Growing gourmet and medical mushrooms

Paul Stamets. Growing gourmet and medical mushrooms. - Ten Speed Press, 2000


1. Mushrooms, Civilization and History

2. The Role of Mushrooms in Nature

3.Selecting a Candidate for Cultivation

4. Natural Culture: Creating Mycological Landscapes

5. The Stametsian Model: Permaculture with a Mycological Twist

6. Materials fo rFormulating a Fruiting Substrate

7. Biological Efficiency: An Expression of Yield

8. Home-made vs. Commercial Spawn

9. The Mushroom Life Cycle

10. The Six Vectors of Contamination

11. Mind and Methods for Mushroom Culture

12. Culturing Mushroom Mycelium on Agar Media

13. The Stock Culture Library: A Genetic Bank of Mushroom Strains

14. Evaluating a Mushroom Strain

15. Generating Grain Spawn

16. Creating Sawdust Spawn

17. Growing Gourmet Mushrooms on Enriched Sawdust

18. Cultivating Gourmet Mushrooms on Agricultural Waste Products

19. Cropping Containers

20. Casing: A Topsoil Promoting Mushroom Formation

21. Growth Parameters for Gourmet and Medicinal Mushroom Species

Spawn Run: Colonizing the Substrate

Primordia Formation: The Initiation Strategy

Fruitbody (Mushroom) Development

The Gilled Mushrooms

The Polypore Mushrooms of the Genera Ganoderma, Grifola and Polyporus

The Lion’s Mane of the Genus Hericium

The Wood Ears of the Genus Auricularia

The Morels: Land-Fish Mushrooms of the Genus Morchella

The Morel Life Cycle

22. Maximizing the Substrate’s Potential through Species Sequencing

23. Harvesting, Storing, and Packaging the Crop for Market

24. Mushroom Recipes: Enjoying the Fruits of Your Labors

25. Cultivation problems & Their Solutions: A Troubleshoting guide


I. Description of Environment for a Mushroom Farm

II. Designing and Building A Spawn Laboratory

III. The Growing Room: An Environment for Mushroom Formation & Development

IV. Resource Directory

V. Analyses of Basic Materials Used in Substrate Preparation

VI. Data Conversion Tables






sawdust. Pasteurized straw cultivation is comparatively less productive unless inoculated

with equal quantities of sawdust and grain
spawn. In other words, every ton of wheat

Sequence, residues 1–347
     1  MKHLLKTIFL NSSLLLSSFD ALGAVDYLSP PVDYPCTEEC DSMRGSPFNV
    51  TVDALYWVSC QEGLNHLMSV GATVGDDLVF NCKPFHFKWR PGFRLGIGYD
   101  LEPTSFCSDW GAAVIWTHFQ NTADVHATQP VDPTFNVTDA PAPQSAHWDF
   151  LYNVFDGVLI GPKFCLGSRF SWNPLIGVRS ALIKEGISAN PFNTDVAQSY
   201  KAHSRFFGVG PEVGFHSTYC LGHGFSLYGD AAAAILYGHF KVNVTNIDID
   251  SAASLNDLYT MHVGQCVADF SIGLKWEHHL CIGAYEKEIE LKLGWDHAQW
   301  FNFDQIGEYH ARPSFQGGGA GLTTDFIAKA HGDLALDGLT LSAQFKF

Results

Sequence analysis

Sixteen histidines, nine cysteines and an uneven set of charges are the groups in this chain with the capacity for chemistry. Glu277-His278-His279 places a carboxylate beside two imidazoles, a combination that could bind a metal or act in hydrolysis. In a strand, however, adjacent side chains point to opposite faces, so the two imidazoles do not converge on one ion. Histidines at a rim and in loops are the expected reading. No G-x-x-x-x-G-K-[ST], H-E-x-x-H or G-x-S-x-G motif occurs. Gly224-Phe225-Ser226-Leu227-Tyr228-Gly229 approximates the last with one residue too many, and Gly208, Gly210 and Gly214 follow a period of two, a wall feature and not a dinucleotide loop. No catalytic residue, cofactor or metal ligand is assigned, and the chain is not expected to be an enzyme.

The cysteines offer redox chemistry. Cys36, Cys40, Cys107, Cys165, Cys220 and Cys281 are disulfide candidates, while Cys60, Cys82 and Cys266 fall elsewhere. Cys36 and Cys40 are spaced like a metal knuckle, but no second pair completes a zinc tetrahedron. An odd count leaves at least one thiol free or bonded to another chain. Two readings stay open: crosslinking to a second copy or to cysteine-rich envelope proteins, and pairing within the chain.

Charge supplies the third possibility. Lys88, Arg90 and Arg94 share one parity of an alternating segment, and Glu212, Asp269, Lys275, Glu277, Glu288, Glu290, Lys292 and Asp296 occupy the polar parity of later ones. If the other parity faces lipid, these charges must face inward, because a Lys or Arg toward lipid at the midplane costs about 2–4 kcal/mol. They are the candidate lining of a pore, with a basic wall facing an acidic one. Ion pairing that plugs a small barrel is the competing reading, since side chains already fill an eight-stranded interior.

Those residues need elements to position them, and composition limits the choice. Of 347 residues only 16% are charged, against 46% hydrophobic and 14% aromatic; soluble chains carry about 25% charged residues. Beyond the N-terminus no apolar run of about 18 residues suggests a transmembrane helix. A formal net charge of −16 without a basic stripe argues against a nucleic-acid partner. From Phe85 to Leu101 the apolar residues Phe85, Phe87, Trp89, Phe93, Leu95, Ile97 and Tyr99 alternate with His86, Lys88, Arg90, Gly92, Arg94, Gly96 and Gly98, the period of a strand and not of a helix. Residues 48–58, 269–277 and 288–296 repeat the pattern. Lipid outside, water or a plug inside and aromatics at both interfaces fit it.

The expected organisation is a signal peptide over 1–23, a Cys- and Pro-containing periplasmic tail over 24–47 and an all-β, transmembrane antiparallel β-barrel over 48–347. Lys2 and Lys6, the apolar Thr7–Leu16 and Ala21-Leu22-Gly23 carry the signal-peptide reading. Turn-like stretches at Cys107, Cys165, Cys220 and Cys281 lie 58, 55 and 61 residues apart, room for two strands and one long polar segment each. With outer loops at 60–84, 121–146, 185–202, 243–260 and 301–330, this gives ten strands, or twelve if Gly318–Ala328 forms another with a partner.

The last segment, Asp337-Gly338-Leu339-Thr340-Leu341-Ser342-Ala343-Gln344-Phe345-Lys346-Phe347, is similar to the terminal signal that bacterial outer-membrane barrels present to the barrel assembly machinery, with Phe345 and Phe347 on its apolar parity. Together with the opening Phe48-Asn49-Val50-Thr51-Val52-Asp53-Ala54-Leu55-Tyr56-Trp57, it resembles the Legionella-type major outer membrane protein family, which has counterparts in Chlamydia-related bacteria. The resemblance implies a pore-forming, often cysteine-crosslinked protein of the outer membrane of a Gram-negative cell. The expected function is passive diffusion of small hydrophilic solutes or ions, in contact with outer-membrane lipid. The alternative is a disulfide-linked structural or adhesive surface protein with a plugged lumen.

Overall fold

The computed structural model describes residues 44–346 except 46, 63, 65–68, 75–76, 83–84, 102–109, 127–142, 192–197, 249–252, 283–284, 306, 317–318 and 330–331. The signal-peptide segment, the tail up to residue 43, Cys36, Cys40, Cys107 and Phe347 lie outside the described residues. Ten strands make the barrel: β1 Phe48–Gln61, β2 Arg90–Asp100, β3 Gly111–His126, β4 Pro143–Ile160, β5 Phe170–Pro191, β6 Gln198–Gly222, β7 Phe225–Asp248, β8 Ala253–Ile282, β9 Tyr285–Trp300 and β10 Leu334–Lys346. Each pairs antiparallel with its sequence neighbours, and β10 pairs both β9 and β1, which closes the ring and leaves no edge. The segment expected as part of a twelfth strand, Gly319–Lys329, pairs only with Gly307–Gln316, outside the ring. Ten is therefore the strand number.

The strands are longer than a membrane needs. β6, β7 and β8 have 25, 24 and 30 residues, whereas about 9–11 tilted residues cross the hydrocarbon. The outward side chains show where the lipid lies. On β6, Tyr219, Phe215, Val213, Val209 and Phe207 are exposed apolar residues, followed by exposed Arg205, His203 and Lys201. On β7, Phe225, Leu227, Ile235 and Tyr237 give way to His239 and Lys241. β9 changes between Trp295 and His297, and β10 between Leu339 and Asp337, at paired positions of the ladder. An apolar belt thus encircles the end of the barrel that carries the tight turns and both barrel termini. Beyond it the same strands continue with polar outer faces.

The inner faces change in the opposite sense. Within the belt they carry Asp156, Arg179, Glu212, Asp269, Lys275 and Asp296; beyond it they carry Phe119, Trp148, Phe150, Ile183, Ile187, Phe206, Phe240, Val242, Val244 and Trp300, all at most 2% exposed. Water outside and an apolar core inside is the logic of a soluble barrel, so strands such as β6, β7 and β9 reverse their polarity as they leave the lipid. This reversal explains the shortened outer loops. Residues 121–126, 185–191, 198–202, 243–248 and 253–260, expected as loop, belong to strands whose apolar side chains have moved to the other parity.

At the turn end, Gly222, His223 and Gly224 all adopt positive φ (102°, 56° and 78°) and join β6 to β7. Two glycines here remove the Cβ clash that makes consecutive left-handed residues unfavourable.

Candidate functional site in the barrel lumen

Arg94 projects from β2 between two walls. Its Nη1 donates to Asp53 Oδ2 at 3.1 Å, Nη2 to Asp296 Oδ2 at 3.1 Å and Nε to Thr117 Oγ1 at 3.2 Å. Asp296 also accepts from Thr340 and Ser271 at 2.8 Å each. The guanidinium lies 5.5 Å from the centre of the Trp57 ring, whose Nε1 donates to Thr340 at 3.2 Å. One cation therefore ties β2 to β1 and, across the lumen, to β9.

straw (2000 lbs. dry weight) should simultaneously receive 100 lbs. of grain spawn (wet
weight) and 100 lbs. of sawdust spawn (wet
weight). This combination spawning method
gives rise to large specimens on wheat straw.

Suggested Agar Culture Media: MYPA or

1st, 2nd and 3rd Generation Spawn Media:
Rye, wheat, sorghum, milo, or millet.

Substrates for Fruiting: Most hardwoods,
wheat straw, and cottonseed hulls support

fruitings. This mushroom is not as adaptive as
P. pulmonariuS and P. ostreatus to a broad
range of substrates. Nevertheless, many materials can be used. I have been pleased with its
performance on recycled, re-sterilized waste
Shiitake substrate. However, I would not rec-

Figure 277. LaDena Stamets about to harvest P.
eiyngü from column of pasteurized wheat straw.

ommend this approach for commercial

substrate materials were exceedingly scarce or
purposes unless the preferred wood type or alternative
addition of 5-10% cottonseed meal
cost-prohibitive. If cultivating this mushroom on wheat straw, the
(Upadhyay &Vijay, 1991)
reportedly has the greatest effect in enhancing yield.
columns, or bottles.
Recommended Containers for Fruiting: Trays, plastic bags,
sterilized sawdust/chips/bran. Wheat straw
Yield Potentials: 1 lb. of mushrooms per 5 lbs. of
1/2 of that from enriched sawdust. The
fruitings, from my experience, have tallied approximately
significantly affects yield efficiencies.
stage at which the mushrooms are picked
substrate has a sufficient nutritional
Harvest Hints: This mushroom can become quite large if the
picked will depend largely upon the strain and the
base. The stage at which the fruitbody should be
deeply incurved, the mushrooms are at
cultivator's preference. When the cap margins are inrolled or
larger. I prefer harvesting the mushrooms just before
an adolescent stage and are likely to grow much

the cap margin flattens.

and other

sold in markets in Spain, Morocco
Form of Product Sold to Market: Wild mushrooms are
southern European countries.
exceeding P ostreatus.
Nutritional Content: Not known although expected to be similar to or

Medicinal Properties: Not known.

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